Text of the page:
Besides wound healing, the CAP plasma has also been investigated in dermatological applications. These include treatment of infective and inflammatory skin diseases like atopic eczema herpes, zoster, athlete’s foot, acne and others [42, 45]. Some studies have reported positive effects of CAP plasma, but still, more research is required to understand the biochemical processes involved in dermatological applications.

6.2 Use of CAP plasma in cancer therapy

Another most exciting and promising area of CAP plasma application in medicine is cancer treatment. Cancer cells appear to be more vulnerable to CAP plasma than healthy cells. Researchers have shown that CAP plasma can induce programmed cell death (apoptosis) in cancerous cells while leaving their nearby healthy cells essentially unaffected. Up until various in vitro and in vivo studies have been performed to study the CAP plasma effect on different cancer cells. These studies have repeatedly shown the anti-cancer capacity of CAP plasmas.

It has been reported that CAP plasma treatment increases intracellular ROS concentration. This, in turn, creates a severe redox imbalance in cancer cells as they are already under oxidative stress. Then, the redox imbalance leads to mitochondrial dysfunction, DNA damage, advanced state of oxidation of proteins, caspase activation, etc., and ultimately leads to death of cancer cells [11].

The early animal studies performed had shown the promising potential of CAP plasma in cancer therapy [46, 47]. Since then, many in vivo studies have been conducted, and similar positive results have been reported for various types of cancer cells injected under the skin of mice. To date, CAP plasma treatment has demonstrated a significant anti-cancer effect on approximately twenty cancer types in vivo. These cancer cell lines include skin, brain, head and neck, breast, leukemia, hepatoma, colorectal, bladder, cervical, lung etc. [48]. In 2019, Metelmann et al. reported the first clinical trials on patients with advanced head and neck cancer [49]. The trial demonstrated the clinical relevance of CAP plasma in cancer treatment and reported an overall positive effect. Some other researchers have shown that some radiation-resistant and chemo-resistant cancer cells are also sensitive to plasma treatment. Some studies have demonstrated CAP plasma as an intra-operative adjuvant treatment. It can be used to inactivate the remaining cancer cells after a surgery [42, 50]. In the USA, the Food & Drug Administration (FDA) approved the first clinical trials of CAP plasma to treat the cancer tumors remaining after surgery in 2019 [11].

6.3 Use of CAP plasma in dentistry

Another long time studied field of CAP plasma application is in dental medicine. The most predominant oral diseases are caries and periodontitis, which are initiated by dysbiotic biofilms. The application of plasma primarily aims to reduce these biofilms on tooth substances and surrounding tissues. Also, instead of using an antimicrobial solution to oral cavity sites for disinfection, CAP plasma treatment can eliminate the unpleasant side effects from anti-microbial solution use. There is a broad spectrum of research going on the possible oral and dental application of CAP plasma ranging from disinfection of root canals, inactivation and removal of biofilm on teeth, treatment of infections and wounds of oral mucosa, dentures and on dental implants, tooth whitening, decontamination and coating of dental prosthesis, cleaning and optimization of tooth and implant surfaces to improve bonding of dental fillings [10, 42].

6.4 Use of CAP plasma in other biomedical areas

Another field explored from the beginning of plasma medicine research is CAP plasma use for hemostasis and blood coagulation [42]. Application of CAP plasma leads to blood coagulation in a much localized manner without damaging the tissue. Therefore it can be a valuable supporting technique in surgery. Aside from these large fields, the potential of CAP plasma in ophthalmology [51, 52] and neurology [53, 54] is also under investigation.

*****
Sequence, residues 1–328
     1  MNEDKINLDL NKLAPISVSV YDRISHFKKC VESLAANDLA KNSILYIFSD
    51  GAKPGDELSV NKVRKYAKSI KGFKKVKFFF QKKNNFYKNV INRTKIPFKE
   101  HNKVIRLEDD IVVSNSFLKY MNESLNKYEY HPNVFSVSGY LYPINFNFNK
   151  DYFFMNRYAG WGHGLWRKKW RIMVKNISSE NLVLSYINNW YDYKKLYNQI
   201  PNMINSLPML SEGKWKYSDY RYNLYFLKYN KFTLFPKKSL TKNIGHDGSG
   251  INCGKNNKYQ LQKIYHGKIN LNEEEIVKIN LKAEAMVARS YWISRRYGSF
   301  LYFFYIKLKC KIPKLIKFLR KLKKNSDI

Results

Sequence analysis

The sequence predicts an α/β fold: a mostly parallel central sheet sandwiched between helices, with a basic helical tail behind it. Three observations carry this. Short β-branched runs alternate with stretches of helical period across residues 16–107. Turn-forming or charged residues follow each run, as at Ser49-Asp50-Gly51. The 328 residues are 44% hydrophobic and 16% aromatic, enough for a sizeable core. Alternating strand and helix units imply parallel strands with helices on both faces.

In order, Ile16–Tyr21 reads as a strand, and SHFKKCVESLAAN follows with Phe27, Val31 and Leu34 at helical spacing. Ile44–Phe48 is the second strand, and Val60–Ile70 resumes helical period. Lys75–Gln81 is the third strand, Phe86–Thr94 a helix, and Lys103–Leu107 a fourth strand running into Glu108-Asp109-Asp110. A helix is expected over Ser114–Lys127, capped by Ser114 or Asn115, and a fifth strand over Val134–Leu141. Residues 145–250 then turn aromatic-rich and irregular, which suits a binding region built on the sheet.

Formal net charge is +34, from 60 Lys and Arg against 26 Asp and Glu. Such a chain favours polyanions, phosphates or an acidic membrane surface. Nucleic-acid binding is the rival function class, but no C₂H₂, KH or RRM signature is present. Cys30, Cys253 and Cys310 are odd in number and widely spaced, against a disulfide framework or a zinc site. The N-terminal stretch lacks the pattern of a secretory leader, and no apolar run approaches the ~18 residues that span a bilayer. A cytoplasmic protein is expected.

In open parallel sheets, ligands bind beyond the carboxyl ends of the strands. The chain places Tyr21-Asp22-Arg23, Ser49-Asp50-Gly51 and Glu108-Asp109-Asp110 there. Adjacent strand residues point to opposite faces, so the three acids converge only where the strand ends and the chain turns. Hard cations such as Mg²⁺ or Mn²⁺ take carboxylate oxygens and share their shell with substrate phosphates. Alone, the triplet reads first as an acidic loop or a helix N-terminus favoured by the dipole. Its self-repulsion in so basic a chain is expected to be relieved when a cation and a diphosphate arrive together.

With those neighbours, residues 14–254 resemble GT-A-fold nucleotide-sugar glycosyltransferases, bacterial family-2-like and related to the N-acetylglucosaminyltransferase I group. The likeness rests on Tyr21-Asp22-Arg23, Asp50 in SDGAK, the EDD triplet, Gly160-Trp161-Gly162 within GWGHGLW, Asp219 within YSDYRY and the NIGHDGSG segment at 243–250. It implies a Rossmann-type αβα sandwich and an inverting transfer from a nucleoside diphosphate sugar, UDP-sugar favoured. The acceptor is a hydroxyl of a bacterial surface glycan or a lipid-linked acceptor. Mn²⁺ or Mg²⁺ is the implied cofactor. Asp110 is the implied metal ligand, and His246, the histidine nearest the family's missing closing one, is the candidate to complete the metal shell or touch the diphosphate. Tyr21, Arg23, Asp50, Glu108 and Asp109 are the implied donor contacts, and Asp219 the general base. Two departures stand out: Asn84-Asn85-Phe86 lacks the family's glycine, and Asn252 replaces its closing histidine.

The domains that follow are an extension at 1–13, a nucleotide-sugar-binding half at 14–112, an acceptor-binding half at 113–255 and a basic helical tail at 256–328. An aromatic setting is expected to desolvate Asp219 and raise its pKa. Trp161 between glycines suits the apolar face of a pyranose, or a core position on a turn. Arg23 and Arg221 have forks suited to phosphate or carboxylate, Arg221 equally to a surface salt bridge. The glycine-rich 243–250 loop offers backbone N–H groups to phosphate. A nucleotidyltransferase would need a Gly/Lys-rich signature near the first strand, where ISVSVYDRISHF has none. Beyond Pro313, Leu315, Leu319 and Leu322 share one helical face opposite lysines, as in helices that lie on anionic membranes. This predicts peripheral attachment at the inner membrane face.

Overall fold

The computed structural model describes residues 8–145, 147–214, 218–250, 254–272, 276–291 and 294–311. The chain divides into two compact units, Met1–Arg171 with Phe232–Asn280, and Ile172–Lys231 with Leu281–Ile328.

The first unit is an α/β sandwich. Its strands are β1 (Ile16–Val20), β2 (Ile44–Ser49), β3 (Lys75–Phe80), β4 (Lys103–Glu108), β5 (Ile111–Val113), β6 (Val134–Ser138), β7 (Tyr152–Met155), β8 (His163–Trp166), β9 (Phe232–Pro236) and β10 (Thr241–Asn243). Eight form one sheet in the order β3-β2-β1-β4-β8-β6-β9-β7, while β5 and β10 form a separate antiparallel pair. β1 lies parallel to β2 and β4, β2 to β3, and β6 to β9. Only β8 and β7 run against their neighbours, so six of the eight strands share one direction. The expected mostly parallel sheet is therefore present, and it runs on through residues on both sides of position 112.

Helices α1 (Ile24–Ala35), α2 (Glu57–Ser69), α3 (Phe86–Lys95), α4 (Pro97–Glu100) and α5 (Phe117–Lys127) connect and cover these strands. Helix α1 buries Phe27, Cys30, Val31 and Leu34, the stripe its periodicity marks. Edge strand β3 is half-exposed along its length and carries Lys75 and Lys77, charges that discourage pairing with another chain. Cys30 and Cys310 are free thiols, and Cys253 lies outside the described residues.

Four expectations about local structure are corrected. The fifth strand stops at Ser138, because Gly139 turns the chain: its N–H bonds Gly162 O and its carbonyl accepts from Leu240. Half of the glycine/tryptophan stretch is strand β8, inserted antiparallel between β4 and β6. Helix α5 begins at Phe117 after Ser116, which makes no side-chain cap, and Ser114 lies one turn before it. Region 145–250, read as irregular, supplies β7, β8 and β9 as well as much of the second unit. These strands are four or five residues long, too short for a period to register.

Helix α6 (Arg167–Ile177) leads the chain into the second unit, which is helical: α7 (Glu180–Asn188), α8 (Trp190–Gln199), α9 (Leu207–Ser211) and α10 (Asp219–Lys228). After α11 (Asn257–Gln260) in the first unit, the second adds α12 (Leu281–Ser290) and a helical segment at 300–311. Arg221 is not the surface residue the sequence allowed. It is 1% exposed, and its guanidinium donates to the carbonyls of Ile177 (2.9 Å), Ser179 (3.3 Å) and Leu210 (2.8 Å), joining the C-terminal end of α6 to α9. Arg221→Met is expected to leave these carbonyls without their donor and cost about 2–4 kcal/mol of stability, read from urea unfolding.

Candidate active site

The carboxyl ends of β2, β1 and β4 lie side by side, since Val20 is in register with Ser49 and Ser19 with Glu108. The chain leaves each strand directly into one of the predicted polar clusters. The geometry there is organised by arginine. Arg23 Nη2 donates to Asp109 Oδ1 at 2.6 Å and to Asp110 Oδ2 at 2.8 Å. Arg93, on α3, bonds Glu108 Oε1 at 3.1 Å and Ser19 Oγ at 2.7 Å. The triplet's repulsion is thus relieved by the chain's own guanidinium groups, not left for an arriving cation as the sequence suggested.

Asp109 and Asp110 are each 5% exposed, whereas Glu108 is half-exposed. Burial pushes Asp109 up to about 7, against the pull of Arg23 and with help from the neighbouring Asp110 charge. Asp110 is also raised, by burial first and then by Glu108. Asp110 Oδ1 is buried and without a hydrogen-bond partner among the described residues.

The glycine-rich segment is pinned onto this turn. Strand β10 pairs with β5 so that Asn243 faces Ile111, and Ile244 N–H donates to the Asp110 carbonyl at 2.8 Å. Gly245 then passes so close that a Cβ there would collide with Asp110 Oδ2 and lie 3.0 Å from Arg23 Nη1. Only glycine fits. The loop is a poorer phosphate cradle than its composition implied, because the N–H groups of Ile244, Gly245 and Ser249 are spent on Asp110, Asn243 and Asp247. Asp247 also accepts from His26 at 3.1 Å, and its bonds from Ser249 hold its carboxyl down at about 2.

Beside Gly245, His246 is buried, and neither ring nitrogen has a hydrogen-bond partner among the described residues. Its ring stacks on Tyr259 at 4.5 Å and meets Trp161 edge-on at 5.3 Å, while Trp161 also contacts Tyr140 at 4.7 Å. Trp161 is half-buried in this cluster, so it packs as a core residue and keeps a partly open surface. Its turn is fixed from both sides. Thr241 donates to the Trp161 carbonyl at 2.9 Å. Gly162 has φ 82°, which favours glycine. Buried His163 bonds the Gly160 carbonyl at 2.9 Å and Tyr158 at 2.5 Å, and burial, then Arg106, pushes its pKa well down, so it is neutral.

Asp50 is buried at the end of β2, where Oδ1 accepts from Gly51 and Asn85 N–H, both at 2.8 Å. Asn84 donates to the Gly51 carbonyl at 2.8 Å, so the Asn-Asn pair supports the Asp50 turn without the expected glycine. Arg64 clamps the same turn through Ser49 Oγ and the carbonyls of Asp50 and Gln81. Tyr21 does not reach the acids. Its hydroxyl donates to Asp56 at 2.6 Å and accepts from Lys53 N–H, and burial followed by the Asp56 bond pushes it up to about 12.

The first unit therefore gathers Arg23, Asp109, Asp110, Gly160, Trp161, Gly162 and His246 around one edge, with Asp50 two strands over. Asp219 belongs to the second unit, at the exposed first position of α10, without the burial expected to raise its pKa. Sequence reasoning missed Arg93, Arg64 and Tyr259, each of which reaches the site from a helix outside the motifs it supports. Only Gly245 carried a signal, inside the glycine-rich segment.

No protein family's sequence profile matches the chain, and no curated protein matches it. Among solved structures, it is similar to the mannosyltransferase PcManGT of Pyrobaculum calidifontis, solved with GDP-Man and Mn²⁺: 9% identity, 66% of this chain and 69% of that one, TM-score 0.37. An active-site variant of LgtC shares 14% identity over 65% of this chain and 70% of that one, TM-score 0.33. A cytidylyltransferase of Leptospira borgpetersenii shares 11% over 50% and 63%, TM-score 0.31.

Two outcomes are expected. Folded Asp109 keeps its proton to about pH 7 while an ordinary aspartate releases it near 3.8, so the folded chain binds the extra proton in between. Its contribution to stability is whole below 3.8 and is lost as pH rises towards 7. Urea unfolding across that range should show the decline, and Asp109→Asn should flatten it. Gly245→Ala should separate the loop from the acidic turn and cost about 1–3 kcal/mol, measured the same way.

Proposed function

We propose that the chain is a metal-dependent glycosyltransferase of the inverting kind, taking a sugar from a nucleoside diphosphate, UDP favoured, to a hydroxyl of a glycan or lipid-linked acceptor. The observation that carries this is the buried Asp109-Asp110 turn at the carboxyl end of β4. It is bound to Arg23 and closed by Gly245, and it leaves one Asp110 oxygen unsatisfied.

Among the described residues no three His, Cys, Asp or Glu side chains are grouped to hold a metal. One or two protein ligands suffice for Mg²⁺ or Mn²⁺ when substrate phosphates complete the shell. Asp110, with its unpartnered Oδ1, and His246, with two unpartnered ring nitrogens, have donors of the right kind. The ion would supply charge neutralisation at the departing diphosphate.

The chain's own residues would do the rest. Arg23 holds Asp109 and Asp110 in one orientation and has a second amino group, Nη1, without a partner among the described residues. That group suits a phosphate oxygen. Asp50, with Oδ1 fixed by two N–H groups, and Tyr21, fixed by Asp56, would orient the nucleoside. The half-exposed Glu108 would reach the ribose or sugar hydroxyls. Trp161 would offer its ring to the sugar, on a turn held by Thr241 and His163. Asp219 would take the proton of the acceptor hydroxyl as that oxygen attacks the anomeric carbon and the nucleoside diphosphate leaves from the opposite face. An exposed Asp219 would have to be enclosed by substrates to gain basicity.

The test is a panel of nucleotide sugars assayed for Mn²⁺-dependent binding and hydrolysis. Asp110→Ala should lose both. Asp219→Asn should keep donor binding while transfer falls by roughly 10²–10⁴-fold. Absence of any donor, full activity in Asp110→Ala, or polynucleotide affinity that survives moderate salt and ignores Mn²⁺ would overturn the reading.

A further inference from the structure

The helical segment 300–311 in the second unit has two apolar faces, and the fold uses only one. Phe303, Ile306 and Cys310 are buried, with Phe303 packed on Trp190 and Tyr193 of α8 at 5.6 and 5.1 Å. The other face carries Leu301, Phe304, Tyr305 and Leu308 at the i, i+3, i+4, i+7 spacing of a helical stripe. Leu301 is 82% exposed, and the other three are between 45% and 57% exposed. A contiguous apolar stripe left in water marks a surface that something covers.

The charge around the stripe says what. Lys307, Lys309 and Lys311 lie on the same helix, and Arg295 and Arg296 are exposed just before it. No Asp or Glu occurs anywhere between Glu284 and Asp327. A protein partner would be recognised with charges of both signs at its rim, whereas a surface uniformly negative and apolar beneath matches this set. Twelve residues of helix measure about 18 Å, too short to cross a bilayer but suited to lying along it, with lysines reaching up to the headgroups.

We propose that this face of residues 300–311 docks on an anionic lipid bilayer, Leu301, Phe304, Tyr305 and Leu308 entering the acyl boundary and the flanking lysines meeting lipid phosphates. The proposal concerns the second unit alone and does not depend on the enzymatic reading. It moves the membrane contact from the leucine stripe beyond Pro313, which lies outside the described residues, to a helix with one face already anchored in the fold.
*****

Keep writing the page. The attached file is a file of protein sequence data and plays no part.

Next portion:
7. Summary and future outlook

The application of CAP plasma technology in the biomedical field has opened up new frontiers in science and technology. It has reached new heights of scientific progress in recent years and has been successfully applied in numerous applications, ranging from sterilization to wound healing to killing cancers. Three CAP devices have already been certified for clinical use for the treatment of chronic and infected wounds. Even if many details regarding the mechanism of interaction of plasma with biological matter are still not clear, some basic principles are known. The biological and medically beneficial plasma effects are primarily triggered by the plasma generated reactive oxygen species (ROS) and reactive nitrogen species (RNS). While CAP plasma has already reached standard medical care status in some areas, such as sterilization, disinfection, wound treatment etc., only primary and pre-clinical data for its effects are available in some other areas. A better understanding of the mechanism of its action will allow further improvement and extensions of the CAP plasma technology to achieve its full therapeutic potential. Also, the development of new plasma devices and modifications of the existing ones will open up new opportunities. In this case, international standardization of the methods to characterize the plasma devices is required to allow better comparability of results obtained from different findings.

It cannot be hypothetically omitted that CAP plasma application does not have some minimal adverse consequences at the molecular level. All these findings and the odds are subject to ongoing investigations, but the current results indicate that the various benefits of CAP plasma outweigh the unproven negative effects. What we all foresee is that the CAP plasma is on its way to clinical routine. Essentially a multidisciplinary research platform is growing with experts from many different fields like plasma physics, biochemistry, molecular biology, medicine etc. to address the issues with synergetic approach.

In the 20th century, laser technology caused a medical revolution with swift development. It successfully got integrated into medicine and created its own medical field called laser medicine. Now, CAP plasma has the chance to repeat this history and to be at the forefront of scientific and technological progress in medicine of the 21st century.


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Written By

Rakesh Ruchel Khanikar and Heremba Bailung

Submitted: 29 May 2021 Reviewed: 14 June 2021 Published: 29 October 2021